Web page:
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  • Writer's pictureMed Sailing Holidays

Set Sail and Avoid Seasickness

Imagine yourself getting ready for an adventure of a lifetime. All your bags are packed, you are ready, your friends are ready. The only thing that’s left for you to do is to go aboard your luxury yacht, cast the sails and enjoy.

You sail one of the fabled seven seas, marvel at the sunset and found peace by the rocking of the gentle waves. As you get up to take a drink, a sudden burst of nausea hits you. Looking around feels like the entire boat is spinning. Another shot of dizziness and the acrid taste of your breakfast starts to form in your throat. The only way to relieve yourself is to, as a long-term practice, vomit. But will it bring instant relief? It will, but most likely, the feeling will creep again. Not even the biggest aspirin will help at this point.


Motion sickness is a condition wherein the vestibular system’s sense of movement goes in contrast with a visually perceived movement. Although there are many forms of motion sickness, the most common are felt during long drives, flying, simulation and sailing. In fact, the word nausea came from the Greek root, naus, which mean “ship”. The feeling itself acts as a defense mechanism against neurotoxins; the area postrema signals the body to vomit “to resolve conflicts between vision and balance”. There are still a number of theories why a person vomits or suffers from motion sickness, but the main point is to extract toxins to clear the system.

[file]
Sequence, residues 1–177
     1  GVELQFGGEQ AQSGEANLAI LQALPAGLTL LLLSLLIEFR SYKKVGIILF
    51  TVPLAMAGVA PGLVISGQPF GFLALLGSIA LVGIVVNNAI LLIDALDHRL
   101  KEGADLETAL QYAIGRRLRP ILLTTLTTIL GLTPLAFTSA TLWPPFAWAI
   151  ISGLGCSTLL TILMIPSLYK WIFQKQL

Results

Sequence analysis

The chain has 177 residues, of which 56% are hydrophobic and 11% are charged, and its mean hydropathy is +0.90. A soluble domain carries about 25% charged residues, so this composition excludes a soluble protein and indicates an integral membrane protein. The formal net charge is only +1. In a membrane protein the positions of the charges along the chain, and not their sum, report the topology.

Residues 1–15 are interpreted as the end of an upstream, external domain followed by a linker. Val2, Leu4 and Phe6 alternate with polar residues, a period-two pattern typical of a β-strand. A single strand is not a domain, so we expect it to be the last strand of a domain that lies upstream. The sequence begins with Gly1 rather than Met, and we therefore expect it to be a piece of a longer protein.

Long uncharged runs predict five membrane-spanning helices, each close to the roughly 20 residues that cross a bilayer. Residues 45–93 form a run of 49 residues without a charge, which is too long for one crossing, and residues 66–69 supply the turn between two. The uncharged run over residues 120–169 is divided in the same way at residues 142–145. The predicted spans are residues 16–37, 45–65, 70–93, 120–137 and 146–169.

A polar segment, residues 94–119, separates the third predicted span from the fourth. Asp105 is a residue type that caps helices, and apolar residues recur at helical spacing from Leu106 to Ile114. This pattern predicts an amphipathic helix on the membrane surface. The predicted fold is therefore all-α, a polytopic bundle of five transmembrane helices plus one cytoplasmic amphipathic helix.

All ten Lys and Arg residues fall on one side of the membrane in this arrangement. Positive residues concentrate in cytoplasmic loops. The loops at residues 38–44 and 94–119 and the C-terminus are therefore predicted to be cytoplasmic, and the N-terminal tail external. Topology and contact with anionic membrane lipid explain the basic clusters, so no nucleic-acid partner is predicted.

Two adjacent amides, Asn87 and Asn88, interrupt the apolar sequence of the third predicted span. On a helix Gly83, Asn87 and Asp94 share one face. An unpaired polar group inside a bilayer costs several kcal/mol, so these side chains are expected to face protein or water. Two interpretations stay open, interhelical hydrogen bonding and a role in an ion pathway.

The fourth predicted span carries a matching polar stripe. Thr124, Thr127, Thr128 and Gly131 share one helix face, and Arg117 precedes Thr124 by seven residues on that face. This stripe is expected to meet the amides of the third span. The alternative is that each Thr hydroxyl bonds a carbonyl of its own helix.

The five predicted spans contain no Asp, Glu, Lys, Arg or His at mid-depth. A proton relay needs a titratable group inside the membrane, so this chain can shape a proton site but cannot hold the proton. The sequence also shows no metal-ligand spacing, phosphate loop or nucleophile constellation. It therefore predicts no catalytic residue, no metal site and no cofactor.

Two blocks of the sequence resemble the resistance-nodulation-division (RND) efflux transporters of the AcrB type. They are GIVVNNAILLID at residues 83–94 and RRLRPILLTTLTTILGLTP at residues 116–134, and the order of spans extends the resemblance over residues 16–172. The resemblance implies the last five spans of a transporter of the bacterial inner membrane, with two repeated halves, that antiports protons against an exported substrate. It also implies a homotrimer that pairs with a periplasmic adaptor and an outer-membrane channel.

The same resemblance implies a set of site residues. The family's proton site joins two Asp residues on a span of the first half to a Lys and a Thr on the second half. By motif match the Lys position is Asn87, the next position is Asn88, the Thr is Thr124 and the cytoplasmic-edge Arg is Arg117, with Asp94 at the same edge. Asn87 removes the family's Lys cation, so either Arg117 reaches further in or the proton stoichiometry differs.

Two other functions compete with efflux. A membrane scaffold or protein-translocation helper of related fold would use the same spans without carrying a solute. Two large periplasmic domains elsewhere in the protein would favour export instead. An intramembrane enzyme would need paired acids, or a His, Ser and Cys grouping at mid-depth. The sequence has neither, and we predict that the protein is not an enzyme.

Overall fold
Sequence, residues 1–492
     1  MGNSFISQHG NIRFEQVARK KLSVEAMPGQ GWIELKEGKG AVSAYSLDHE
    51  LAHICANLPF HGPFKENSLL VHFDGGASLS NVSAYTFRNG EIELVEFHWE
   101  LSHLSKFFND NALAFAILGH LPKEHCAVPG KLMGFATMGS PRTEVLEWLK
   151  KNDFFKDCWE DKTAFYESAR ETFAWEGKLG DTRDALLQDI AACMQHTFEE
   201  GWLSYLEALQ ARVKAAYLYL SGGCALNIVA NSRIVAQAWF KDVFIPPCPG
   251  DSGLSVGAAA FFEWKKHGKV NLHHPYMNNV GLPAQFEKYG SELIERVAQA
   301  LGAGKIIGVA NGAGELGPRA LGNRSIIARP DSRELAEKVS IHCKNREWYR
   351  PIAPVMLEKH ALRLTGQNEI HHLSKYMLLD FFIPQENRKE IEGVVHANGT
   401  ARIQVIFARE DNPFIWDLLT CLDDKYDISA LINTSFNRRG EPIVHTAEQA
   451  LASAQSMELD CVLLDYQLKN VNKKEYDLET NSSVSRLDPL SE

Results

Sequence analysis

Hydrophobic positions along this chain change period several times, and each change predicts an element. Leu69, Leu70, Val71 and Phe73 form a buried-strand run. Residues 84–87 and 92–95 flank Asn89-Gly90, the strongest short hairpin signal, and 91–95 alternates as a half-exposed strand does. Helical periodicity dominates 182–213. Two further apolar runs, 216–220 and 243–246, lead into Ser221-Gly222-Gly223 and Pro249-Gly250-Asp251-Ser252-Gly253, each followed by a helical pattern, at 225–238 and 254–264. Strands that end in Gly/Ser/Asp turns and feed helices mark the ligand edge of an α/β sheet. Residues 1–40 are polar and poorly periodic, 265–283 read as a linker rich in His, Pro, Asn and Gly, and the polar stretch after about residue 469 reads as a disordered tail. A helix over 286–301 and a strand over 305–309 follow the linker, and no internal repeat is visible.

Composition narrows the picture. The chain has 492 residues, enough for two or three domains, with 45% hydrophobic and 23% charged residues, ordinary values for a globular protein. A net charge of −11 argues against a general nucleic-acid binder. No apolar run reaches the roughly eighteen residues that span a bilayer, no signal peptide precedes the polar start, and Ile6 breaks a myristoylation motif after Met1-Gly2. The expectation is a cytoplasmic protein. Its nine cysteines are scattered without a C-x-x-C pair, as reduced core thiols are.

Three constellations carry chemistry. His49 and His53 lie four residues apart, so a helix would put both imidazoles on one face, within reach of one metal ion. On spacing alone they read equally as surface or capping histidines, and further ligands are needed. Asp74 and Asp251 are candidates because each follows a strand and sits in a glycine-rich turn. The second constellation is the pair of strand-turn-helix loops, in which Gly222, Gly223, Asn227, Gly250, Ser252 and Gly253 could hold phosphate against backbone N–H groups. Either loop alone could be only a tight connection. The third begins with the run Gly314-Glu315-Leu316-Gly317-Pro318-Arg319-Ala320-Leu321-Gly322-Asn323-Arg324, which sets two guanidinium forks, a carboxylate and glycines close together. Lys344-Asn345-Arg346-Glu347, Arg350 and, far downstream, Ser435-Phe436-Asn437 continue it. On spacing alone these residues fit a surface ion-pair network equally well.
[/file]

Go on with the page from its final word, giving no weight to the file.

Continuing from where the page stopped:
Simply put, seasickness occurs when a person cannot see the motion that his or her body is feeling when they are sailing, or if they cannot feel the motion that their eyes see. These send conflict signals in the brain and in turn, will experience signs and symptoms of seasickness.


While all of us are susceptible to motion and seasickness, pregnant women, children, and those who are new to long travels are those who are in the bull’s eye. Anxiety, poor ventilation and windowless vehicles add to the negative feeling as well.

One of the first few signs of seasickness is the feeling of uneasiness. Neophyte cruisers will feel the length of the trip and sudden brush of strong waves on their vessels to be a bit overwhelming. This will pile up if they don’t know how to swim, or if they think that they will have an accident, or get stuck in the middle of the ocean without any backup plan.

The individual will then experience cold sweats, followed by a whiff of dizziness, nausea and eventually, will vomit. Although vomiting will somewhat offer slight relief, it will not erase the entire feeling of being seasick.


It’s best not to drink alcoholic beverages before or during travel. While this may not apply to all, being drunk will worsen the case of seasickness due to the rocking motion of the yacht or any marine vessel. Eating something that’s not on your usual list will likewise entice you to vomit and be uneasy while traveling. It is also recommended to stay away from strong odors like perfume, gasoline and the like.

Set your sights on the horizon and not at the back. Reading will also trigger vertigo, as well as sitting at the back rather than in front. Whenever possible, spend most of your time on deck where there’s lots of fresh air. Stay hydrated, eat (but not too much) and try to stay relaxed.

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